When Tennessee Gov. Bill Lee signs Executive Order No. 55, which he said Tuesday he will do soon, it’s full speed ahead for high school football.

The order, which includes TSSAA member schools in an exception to contact sports restrictions, means the high school football season will begin Aug. 21, which was the original plan.

A contingency plan was approved by the TSSAA last week that would have allowed the season to begin Sept. 18, but that’s out the window now. Area teams are expected to begin full contact practice as soon as the order is signed.

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Covington head coach J.R. Kirby was shown a Twitter post yesterday that reported the news.

“I didn’t believe it at first so reached out to some sources,” Kirby said. “When I saw it was real I was pretty pumped. When I told the kids they were going to get their opener against Munford they were pumped … The intensity was a little different at practice Tuesday. Now we’ve got something to play for and things aren’t up in the air.”

“This is good news for many kids and their families,” TSSAA Executive Director Bernard Childress said, “but the reality is that the virus will continue to be with us and we have to be smart about taming the spread. Every adult and every participant in every sport must do their part and follow the guidelines set forth by TSSAA and the governor’s office to help mitigate these risks.”

Guidelines include sanitation practices, fan social distancing, temperature checks and no scrimmages, but other than that things will be back to normal at high school football facilities with season openers scheduled in less than a month.

Kirby and Munford coach Slade Calhoun are on board with the plan.

“I can only speak from my experience,” Calhoun said. “We’ve been working out, conditioning and what not since May 26. We haven’t had one kid with a fever. We haven’t had one kid test positive. We’ve been practicing five days a week for the past two or three weeks. They’re there for weights and practice three or four hours a day. We’re very cautious, now. If somebody shows up with a cold or a runny nose, I’ll send them home. If I hear a kid cough I tell them they can’t come back. We’ve had some kids quarantined. That’s a long way around of saying that I feel that this age group is pretty safe. For some reason the kids aren’t getting it. If they are they’re asymptomatic.”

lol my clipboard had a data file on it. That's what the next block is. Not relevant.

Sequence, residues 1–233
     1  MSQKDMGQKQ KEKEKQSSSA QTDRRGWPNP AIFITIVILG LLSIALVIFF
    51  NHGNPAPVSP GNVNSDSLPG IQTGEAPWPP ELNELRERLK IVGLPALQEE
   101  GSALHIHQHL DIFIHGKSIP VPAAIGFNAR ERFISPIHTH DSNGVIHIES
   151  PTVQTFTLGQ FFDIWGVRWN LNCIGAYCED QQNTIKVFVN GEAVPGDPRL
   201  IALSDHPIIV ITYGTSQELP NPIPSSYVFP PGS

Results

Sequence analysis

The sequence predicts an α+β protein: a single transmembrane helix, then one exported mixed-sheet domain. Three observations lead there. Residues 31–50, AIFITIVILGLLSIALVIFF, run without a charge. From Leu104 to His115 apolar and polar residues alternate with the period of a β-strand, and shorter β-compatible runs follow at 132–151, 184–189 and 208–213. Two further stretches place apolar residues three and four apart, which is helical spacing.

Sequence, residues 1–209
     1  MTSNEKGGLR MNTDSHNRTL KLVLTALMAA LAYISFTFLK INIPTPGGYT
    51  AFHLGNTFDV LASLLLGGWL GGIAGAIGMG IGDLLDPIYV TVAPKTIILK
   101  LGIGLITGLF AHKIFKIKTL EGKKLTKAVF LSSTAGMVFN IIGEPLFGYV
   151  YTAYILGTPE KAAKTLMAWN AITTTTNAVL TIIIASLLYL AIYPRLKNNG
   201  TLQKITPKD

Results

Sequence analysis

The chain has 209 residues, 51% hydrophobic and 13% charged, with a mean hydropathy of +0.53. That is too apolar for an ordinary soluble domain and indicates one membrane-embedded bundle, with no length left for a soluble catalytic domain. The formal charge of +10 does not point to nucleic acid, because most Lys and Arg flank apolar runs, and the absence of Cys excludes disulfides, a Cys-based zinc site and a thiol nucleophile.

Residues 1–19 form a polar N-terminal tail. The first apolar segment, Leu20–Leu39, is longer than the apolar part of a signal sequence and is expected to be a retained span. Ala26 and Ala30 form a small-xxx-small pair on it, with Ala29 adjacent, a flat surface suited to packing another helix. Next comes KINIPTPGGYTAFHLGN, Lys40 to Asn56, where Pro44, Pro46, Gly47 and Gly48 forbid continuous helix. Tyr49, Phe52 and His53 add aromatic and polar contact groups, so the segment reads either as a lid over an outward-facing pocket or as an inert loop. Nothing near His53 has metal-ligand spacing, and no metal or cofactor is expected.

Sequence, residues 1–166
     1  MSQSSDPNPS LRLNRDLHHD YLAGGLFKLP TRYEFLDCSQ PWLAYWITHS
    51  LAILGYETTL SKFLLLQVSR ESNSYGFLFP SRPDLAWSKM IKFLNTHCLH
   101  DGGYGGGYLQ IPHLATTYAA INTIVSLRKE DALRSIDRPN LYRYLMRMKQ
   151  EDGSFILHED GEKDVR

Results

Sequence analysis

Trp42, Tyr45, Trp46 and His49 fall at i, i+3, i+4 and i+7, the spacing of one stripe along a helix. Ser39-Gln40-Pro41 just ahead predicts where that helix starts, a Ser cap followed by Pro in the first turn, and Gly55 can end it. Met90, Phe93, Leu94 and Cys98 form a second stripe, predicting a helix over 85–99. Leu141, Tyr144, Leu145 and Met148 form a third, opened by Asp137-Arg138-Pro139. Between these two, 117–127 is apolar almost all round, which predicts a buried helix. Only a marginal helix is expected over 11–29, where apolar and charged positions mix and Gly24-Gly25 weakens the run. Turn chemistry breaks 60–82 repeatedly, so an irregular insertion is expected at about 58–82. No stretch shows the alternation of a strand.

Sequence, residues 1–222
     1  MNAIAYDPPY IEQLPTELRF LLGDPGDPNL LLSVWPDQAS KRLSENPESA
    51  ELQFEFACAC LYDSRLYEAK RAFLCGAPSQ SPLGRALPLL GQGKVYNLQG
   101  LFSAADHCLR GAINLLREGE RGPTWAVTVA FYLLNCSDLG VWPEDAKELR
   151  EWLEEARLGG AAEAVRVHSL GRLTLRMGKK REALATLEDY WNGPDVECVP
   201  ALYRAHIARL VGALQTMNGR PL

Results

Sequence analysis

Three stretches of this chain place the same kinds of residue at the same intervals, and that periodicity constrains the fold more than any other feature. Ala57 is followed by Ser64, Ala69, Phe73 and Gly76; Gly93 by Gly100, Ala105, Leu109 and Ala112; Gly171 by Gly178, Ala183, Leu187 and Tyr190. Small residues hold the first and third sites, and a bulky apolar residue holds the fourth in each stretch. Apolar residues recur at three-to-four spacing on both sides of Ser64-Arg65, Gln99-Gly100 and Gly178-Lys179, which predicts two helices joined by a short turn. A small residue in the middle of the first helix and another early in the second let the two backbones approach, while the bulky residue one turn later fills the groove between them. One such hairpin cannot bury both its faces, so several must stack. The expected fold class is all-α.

“You’re going to have people with their opinions and different views,” Kirby said. “My thing is if you don’t want to come to the game, you can watch it on YouTube. People have to make the best decision for them. About 95 percent of the team has been here and the majority of parents are behind this.”

The season opener between Covington and Munford, which is at Covington this year, always draws an overflow crowd. That won’t be the case next month.

Steve Maclin, the Tipton County Schools athletic director, said staff members are deciding how to manage crowds at games.

The TSSAA has issued regulations that instruct schools to limit fans at sporting events to allow for social distancing. The regulation says one-third or one-fourth of capacity would be appropriate. Fans will have to wear masks and have their temperature checked before entering the stadium.

“We’re not sure what the restrictions will be, but there will be some,” Maclin said. “We will have something in place soon because we have to.”

He said the idea of requiring fans to pre-purchase a limited amount of tickets and not allow walk-up fans is on the table.

In the meantime, football teams, as well as girls’ soccer teams, which were restricted by the ban, will prepare for an abnormal season as normally as they can.

“They’re excited,” Calhoun said about his players. “I’ve told them we had to move forward like we’re playing Aug. 21, and now we are … I’m glad that we invested some extra time. I know I’m excited. It was going to be a drag to practice until the 18th.”

There are several teams from the Shelby County school system on Munford’s schedule. It was recently announced that SCS students will begin the school year completely virtually, but Calhoun said he believes the SCS teams on his schedule – Southwind, Kirby, Ridgeway, Overton and Kingsbury – will play football.

“There’s a big difference between putting 2,000 kids in a school building indoors than 50 or so teammates being outdoors the majority of the time,” Calhoun said. “Around my kids, and I’ve been around them since May, I feel pretty safe.”

“We’re going back to doing what we do,” Kirby said. “We have a football game to get ready for. Standing six feet apart ain’t going to happen Aug. 21 against Munford. It’s not. When that order is signed we’re going to get after it like we’re getting ready to play. I think that’s the mindset you have to have … You can live in fear all your life or go on living. I choose to go on living. That’s what we’re going to do.”